The Gannett-owned Indianapolis Star is in bed with all of these corrupt cronies who are constantly picking our pockets and covers up all of their criminal activity comprised of various forms of bribes, kickbacks and payoffs. The priorities of these people are so screwed up it is beyond belief. The City-County Council President will only go along with it if the sponsors of the event consent to paying the fees! What about the people she was elected to serve? Can you believe it?   Do we not have a voice? We, the people, do not consent to allowing these freeloaders to use our police services for their own self-serving benefit at the cost of the rest of the community, Ms. Lewis. That's all that you should care about, but we know why you don't think that way because we know where the money in your bank account is derived. This is what happens when virtually everyone making the decisions is on the downtown mafia's payroll in one form or another. Until there is a complete revolution in the way this city is run, you will continue to be taxed into servitude for the sole benefit of a small group of elitist downtown mafia members who have bought off the Mayor and most of your city council members.


Anonymous said...

Charge the event, and have the event either swallow to cost or add it to the ticket price.

As I do not attend silly sports events, I should not have to pay for the sports structure, the players of the sport or the security for the sporting event.

Had Enough Indy? said...

I would have thought that the paper would have asked the Sheriff a)how much money he already collects from the escorts into the track on race days, and b) how that money is spent.

Gary R. Welsh said...

Pat, That escorting service used to be done entirely for the benefit of the sheriff's re-election committee. You essentially made a campaign contribution to the sheriff's campaign committee to get escorted to the track. Not sure how it works today.

Anonymous said...

obviously all new hires ought to be restricted to only preventing certain specified crimes

Gary R. Welsh said...

There are no plans to add additional police officers. It's another bait-and-switch promoted by these criminals to get their grubby hands on more of our tax dollars. How do I know this? Because they have lied about the purpose of every tax increase they've enacted over the past two decades. It's all about getting more money in the pot to redistribute to members of the downtown mafia.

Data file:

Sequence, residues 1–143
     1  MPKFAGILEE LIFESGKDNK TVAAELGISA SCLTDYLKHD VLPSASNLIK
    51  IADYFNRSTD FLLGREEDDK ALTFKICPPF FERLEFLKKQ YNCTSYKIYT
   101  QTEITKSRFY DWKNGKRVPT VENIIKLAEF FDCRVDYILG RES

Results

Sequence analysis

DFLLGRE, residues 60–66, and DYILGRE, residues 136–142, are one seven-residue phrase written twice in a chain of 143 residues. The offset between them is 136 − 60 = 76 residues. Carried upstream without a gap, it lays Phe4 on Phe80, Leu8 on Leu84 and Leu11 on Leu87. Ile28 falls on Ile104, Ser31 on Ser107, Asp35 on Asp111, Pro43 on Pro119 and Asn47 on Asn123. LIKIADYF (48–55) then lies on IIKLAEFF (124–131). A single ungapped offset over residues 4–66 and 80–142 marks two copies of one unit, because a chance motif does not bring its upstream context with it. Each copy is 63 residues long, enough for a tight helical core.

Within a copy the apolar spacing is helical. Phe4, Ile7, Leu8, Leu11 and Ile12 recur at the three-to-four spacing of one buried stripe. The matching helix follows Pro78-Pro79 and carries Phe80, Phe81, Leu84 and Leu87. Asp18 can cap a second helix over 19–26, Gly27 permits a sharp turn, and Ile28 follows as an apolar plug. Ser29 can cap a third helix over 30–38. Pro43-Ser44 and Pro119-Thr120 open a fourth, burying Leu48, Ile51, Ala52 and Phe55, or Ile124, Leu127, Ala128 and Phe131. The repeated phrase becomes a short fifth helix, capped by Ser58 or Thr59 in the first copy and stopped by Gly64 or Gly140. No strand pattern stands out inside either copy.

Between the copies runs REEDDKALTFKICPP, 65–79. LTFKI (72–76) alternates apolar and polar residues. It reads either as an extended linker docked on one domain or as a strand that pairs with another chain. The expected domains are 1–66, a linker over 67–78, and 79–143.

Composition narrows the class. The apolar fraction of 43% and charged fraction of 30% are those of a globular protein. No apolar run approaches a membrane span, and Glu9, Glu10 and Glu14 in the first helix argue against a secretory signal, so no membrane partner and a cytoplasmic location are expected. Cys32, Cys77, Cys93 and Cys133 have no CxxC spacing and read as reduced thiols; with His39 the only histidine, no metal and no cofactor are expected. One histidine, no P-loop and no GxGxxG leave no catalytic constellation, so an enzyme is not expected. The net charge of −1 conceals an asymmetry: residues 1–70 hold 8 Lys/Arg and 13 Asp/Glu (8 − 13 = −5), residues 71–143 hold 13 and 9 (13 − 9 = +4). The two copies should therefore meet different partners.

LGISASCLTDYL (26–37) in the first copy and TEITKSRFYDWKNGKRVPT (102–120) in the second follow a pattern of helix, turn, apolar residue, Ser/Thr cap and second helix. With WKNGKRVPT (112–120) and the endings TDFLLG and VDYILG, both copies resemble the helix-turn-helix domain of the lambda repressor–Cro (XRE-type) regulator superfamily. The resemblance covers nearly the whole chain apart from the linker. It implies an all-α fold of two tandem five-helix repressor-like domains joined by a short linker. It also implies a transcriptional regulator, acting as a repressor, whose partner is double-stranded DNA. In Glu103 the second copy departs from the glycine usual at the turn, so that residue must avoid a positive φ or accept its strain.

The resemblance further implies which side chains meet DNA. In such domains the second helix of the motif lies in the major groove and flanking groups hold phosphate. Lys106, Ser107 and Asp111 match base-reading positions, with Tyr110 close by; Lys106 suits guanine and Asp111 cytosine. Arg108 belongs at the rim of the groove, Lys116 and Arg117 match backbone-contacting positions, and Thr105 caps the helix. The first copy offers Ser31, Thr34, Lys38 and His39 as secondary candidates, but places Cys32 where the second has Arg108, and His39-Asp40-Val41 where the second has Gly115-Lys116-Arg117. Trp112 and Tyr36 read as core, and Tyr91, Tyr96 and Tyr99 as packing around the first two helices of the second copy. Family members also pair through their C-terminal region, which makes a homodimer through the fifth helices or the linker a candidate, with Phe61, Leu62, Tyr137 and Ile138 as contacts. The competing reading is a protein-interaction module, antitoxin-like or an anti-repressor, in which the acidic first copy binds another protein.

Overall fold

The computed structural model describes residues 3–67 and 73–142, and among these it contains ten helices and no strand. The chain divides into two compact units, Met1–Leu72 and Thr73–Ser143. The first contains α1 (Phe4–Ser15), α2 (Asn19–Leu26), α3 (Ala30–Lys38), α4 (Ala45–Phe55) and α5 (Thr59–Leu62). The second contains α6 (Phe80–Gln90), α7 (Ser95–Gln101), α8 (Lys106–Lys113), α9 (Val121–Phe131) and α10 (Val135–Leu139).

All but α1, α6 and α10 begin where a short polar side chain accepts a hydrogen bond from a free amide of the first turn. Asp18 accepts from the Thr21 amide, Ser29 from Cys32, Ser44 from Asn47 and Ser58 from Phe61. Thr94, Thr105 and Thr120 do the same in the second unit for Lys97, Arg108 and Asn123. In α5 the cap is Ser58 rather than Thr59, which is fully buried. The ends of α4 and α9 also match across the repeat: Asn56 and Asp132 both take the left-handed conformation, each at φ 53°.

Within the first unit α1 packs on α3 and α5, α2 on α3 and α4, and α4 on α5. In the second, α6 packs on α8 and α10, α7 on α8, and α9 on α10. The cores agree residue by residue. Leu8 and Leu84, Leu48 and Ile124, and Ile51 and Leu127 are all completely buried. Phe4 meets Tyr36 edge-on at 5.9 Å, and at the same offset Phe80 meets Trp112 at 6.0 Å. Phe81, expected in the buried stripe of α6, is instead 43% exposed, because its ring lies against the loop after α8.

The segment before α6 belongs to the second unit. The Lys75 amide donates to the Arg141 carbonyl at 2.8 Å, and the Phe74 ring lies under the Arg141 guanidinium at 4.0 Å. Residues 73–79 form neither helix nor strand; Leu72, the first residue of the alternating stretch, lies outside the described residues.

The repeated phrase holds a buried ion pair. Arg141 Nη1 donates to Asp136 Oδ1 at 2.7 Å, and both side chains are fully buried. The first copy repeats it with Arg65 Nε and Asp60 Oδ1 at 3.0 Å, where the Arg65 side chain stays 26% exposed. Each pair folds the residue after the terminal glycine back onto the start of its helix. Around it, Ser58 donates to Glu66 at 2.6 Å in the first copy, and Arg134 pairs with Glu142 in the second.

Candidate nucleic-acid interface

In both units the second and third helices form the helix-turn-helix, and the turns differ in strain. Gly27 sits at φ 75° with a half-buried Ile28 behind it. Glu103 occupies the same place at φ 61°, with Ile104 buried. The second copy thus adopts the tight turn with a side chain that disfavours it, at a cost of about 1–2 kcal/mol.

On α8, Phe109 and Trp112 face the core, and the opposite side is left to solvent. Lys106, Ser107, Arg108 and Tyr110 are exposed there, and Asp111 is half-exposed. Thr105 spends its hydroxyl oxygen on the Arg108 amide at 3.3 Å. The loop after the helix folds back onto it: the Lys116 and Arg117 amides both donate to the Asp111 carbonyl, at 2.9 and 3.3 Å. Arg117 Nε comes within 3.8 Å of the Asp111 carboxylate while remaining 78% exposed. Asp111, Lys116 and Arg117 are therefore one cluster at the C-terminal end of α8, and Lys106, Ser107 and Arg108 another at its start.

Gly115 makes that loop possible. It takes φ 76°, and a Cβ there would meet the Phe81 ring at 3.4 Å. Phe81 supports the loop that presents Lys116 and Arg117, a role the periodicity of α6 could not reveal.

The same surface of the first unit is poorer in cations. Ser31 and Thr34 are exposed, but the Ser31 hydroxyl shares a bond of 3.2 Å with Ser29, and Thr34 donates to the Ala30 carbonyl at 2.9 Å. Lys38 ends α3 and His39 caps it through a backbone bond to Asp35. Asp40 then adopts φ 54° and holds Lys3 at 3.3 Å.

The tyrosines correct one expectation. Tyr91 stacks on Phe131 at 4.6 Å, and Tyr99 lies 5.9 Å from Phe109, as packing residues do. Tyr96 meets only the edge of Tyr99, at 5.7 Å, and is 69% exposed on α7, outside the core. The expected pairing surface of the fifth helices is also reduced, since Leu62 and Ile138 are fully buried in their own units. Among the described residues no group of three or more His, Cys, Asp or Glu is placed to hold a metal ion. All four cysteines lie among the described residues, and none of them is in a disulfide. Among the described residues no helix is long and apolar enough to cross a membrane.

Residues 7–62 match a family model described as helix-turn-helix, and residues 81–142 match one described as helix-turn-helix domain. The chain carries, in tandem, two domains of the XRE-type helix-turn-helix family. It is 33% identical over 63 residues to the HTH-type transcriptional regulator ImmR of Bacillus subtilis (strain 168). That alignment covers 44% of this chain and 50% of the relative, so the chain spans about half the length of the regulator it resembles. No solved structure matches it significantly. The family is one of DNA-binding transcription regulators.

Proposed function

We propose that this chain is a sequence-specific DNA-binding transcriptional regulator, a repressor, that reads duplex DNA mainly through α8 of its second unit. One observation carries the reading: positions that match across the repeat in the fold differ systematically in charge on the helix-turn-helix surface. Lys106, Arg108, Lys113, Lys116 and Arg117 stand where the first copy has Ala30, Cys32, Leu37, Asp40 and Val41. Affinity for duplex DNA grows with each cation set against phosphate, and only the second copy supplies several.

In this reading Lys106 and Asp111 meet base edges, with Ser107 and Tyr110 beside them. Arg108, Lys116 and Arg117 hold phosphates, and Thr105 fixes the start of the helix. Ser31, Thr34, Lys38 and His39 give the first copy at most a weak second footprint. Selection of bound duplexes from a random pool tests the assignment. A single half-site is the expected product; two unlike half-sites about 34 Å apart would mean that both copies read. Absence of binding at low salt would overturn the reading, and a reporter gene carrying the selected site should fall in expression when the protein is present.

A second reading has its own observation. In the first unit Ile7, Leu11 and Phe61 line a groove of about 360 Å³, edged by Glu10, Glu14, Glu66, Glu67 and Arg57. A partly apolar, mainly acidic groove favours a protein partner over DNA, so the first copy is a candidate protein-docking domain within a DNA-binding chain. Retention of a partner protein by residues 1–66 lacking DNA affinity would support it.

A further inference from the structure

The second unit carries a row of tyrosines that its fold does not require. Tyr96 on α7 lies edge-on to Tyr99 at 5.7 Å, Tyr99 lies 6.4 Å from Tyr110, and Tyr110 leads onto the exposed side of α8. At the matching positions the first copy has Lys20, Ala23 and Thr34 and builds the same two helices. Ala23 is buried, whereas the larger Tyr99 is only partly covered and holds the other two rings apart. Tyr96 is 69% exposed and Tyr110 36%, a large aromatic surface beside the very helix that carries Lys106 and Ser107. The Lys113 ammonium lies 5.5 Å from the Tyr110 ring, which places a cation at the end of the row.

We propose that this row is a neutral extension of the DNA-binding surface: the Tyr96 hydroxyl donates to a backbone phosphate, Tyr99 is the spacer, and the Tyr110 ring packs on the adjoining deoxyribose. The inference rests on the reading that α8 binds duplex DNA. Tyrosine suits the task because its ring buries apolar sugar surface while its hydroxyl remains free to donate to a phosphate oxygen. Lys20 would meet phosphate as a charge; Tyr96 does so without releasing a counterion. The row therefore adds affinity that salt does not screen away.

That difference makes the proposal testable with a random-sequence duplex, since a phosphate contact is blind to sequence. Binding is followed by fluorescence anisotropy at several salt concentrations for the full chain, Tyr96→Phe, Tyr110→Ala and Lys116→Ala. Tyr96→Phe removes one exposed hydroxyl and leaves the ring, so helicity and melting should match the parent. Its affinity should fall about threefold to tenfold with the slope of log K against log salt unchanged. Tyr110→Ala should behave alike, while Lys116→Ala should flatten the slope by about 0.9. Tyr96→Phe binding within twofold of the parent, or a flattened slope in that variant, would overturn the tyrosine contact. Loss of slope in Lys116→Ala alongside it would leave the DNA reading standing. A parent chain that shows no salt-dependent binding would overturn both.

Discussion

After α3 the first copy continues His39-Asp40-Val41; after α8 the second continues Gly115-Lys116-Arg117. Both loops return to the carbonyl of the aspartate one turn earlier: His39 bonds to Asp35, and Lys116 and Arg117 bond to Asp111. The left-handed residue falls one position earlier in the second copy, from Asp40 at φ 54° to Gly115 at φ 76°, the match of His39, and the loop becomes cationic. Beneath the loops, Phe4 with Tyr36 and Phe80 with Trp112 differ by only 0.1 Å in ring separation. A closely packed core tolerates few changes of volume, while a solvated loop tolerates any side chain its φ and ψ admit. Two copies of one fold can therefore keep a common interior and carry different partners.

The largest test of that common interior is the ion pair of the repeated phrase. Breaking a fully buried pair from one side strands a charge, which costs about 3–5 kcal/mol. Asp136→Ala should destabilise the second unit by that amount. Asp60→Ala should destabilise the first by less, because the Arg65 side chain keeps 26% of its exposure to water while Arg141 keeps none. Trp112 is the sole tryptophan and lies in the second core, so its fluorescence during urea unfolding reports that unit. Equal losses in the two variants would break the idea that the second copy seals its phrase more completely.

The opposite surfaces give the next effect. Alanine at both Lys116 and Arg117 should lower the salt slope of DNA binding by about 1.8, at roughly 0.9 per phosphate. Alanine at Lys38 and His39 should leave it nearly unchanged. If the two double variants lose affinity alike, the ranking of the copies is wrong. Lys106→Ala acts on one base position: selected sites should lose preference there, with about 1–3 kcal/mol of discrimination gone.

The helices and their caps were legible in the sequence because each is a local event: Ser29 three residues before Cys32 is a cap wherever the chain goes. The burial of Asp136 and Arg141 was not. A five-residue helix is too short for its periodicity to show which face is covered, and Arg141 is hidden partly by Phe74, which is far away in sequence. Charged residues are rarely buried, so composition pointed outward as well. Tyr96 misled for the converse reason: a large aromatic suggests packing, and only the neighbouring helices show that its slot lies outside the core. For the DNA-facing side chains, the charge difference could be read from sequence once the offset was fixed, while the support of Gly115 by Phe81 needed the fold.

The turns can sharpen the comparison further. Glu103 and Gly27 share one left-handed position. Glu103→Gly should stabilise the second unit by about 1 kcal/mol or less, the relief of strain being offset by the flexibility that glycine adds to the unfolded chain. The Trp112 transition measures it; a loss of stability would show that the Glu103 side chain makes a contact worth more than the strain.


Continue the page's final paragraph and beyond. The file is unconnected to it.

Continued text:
Anonymous said...

It is absolutely time for those who use those city services in an extraordinary way, pay for the extraordinary services they receive. Of course, far be it for me to ask the Mayor to grow a pair, act like an Officer, and do what the Mayor of Atlanta did:

"ATLANTA -- Atlanta Mayor Kasim Reed made it clear Wednesday that he would not tolerate a repeat of the 1990s version of Freaknik.

"I will tell you I will sue them," said Reed at a
City Hall news conference. "I will sue them. I'm not going to be fancy about this. I'm not going to tolereate having this city's resources utilized by people who don't respect our laws and ordinances."

The Freaknik that left Atlanta after several disruptive years an event that left a permanent mark on the city. Freaknik weekends were filled with gridlock, grinding, and groping. The city's police force was overwhelmed.

Mayor Reed sent a cease and desist letter to the promoter of Freaknic Atlanta 2010. The Mayor points out that the event failed to obtain any city permits. Mayor Reed warned the promoter that he could be charged 100's of thousands of dollars for taxing city services."

Black Expo has Violent History

One poster on a blog said it very well: "Another Black Expo, another round of shootings, more kids with guns. Unfortunately, these shootings are almost becoming an expectation.

Much is being said about how to stop the shootings, from curfews to shutting down the event on the second Saturday night.

But those would be Band-Aids. What about the larger questions of why children even show up at an event like Black Expo with guns, and why they join gangs? For those with long memories, it hasn’t always been this way. And, as hopeless as it sometimes seems, it doesn’t have to stay this way.

Where did the social fabric tear?"

Anonymous said...

The Truth About Black Expo Violence

Marycatherine Barton said...

The crooks rule Indy. Boycott these Special Events, sending the message that you are not their slave.